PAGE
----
Bishal Karna will be presenting a paper at the 11th East-West Philosophers’ Conference organized by the East-West Center and University of Hawaii in May. His paper is based on his ethnographic fieldwork in Ryumonji Zen Monastery, Dorchester, Iowa. He received a graduate student travel award from the department, an Arts and Humanities Graduate Research Small Grant, and Career Development Grant from Council of Graduate Students in support of his attendance and presentation at the conference.
Perry Miller delivered a paper, “Reading Subjectivity at the Juncture of Literature and Cultural Politics: Asian American Women and the Psychoanalytic Revolt” at the Fifth Annual Western Michigan University Medical Humanities Conference, September 24-25, 2015 in Kalamazoo, Michigan, with the support of a travel grant from the Department of Comparative Studies.
Eleanor Paynter presented “Migrant Literature with an Activist Voice: Igiaba Scego’s Adua in Context” at the annual conference of the American Comparative Literature Association in Cambridge, MA. She received a graduate student travel award and an Arts & Humanities Graduate Research Small Grant in support of this presentation. Her poem “Gassho Attic” is forthcoming in the graduate student interdisciplinary journal Anamesa.
Amanda Randhawa was selected as a William J. Fulbright research scholar to India. As a Fulbright-Nehru research scholar she will conduct one year of ethnographic dissertation research. At Ohio State, Amanda received an Arts and Humanities Research Small Grant, a Edward J. Ray Travel Award for Scholarship and Service, and a Comparative Studies travel grant. Amanda presented papers at the The Ohio State/Indiana University Student Folklore Conference, The American Academy of Religion, The Annual Conference on South Asia, and the American Folklore Society Annual Meeting. She co-authored an article, “This Too Shall Pass: The Afterlife of a Proverb,” with Amy Shuman that is forthcoming in Studies in Jewish Education. Some of her ethnographic photography from rural South India was published in Sacred Matters: Materiality in Indian Religions, edited by Tracy Pintchman and Corinne Dempsey (SUNY PRESS) and she was an exhibit consultant for the exhibition “Sacred Realm: Blessings and Good Fortune Across Asia,” at the International Museum of Folk Art in Sante Fe, NM. During the spring semester, Amanda was a part-time Visiting Assistant Professor at Denison University in the department of Religion. In June, she’ll present her work at the Conference for the Study of Religion in India.
In October 2015, Afsaneh Rezaei presented “’My Stealthy Freedom’: Gender, Power, and Repositioning of the Self in Women’s Narratives of Public Unveiling in Iran” at the annual meeting of the American Folklore Society in Long Beach, CA. She received an Arts and Humanities Small Grant and a graduate student travel award from the department in support of this presentation. In April 2016, she presented “’Sepandar-what?!’ The Reinvention of the Ancient Persian Celebration of 'Day of Love'” as part of the panel “(Re)negotiating Tradition” at the 9th OSU/IU Student Conference in Folklore and Ethnomusicology in Columbus, OH.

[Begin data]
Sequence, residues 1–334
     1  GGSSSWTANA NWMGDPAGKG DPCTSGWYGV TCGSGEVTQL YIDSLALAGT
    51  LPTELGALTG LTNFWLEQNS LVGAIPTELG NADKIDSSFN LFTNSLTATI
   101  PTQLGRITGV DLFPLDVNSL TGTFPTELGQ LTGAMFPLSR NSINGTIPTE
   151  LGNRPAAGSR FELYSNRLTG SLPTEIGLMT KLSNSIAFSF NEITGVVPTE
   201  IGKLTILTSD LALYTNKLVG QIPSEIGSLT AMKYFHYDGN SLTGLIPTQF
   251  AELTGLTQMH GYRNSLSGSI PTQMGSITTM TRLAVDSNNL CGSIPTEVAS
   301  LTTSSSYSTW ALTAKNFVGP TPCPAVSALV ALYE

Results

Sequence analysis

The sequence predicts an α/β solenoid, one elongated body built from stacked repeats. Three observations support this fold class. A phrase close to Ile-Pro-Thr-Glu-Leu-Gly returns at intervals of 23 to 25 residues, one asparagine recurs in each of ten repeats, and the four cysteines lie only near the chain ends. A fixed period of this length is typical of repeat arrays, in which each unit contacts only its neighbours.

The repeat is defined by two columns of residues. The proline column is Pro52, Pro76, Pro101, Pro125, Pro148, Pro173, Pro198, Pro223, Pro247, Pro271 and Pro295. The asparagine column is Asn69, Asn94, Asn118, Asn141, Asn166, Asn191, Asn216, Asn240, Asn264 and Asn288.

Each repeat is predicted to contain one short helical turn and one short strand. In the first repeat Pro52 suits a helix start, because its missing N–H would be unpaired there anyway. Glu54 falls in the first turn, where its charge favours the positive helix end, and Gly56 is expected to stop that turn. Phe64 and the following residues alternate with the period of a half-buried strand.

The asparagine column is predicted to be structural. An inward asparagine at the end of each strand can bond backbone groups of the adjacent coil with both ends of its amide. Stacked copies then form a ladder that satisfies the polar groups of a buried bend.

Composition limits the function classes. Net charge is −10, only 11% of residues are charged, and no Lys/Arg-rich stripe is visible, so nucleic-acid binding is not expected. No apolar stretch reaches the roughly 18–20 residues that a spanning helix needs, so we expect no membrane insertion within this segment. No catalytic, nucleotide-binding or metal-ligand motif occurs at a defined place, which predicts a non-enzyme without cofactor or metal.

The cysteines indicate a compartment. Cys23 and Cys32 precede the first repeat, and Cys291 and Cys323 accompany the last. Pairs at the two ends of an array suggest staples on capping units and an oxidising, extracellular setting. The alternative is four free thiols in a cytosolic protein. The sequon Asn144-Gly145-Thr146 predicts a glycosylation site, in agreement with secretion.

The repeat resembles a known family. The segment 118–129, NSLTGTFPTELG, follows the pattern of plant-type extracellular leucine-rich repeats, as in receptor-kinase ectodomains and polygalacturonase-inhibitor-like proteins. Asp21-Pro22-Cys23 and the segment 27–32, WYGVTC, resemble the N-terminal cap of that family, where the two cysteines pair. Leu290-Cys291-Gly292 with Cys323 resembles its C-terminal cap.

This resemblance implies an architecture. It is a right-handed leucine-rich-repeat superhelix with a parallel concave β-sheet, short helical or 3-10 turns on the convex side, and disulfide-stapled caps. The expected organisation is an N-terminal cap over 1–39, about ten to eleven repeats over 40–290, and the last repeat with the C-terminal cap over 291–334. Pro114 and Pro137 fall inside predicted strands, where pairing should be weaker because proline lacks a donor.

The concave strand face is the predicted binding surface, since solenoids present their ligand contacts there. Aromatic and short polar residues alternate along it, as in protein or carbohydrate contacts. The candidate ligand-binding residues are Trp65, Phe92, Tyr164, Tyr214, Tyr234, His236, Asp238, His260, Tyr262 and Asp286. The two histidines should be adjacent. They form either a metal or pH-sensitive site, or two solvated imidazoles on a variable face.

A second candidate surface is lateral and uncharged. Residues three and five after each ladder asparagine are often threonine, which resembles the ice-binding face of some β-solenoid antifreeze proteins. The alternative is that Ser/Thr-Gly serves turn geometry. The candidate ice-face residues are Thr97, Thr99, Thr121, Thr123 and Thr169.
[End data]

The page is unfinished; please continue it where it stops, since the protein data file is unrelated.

Jasmine Stork presented her research on asexuality in fanfiction at the Popular Culture Association Conference this year, supported by a Comparative Studies graduate student travel award. She was also accepted to the College of Public Health and will be completing a Master's in Public Health along side her PhD in Comparative Studies.
This spring, Caroline Toy presented two papers based on her MA research, titled “Making (Fictional) Sacred Space: Fan Pilgrimage and Embodied Narratives” and “Journeys into the Fictional: Sherlock Fan Pilgrimage and Embodied Narratives” at the American Comparative Literature Association Annual Meeting and the Popular Culture Association Annual Conference respectively. She is grateful for funding from the Arts and Humanities Graduate Research Small Grant, the Council of Graduate Students Career Development Grant, and the Department of Comparative Studies Travel Fund. She also co-chaired a panel of student researchers representing the Religious Soundmap Project of the Global Midwest (for which she is the OSU Project Manager) at the American Academy of Religion Midwest Region Conference, supported by the Sheila Hiltner Fund. With colleagues in and outside Comparative Studies, she participated in a roundtable on Fan Studies at the OSU/IU Folklore and Ethnomusicology Student Conference. With Jasmine Stork, Caroline also co-founded the Fan Studies Student Association at Ohio State, a networking, resource, and reading group for graduate and advanced undergraduate students working on all aspects of fan and audience communities across the university. She successfully defended her MA thesis on April 28.
Vidar Thorsteinsson received an Arts and Humanities Graduate Research Small Grant and a Comparative Studies graduate student travel award to present his paper titled “Automatons and Literary Machines: Immaterial labor in Gissing’s New Grub Street” at the 2016 Interdisciplinary Nineteenth-Century Studies Conference.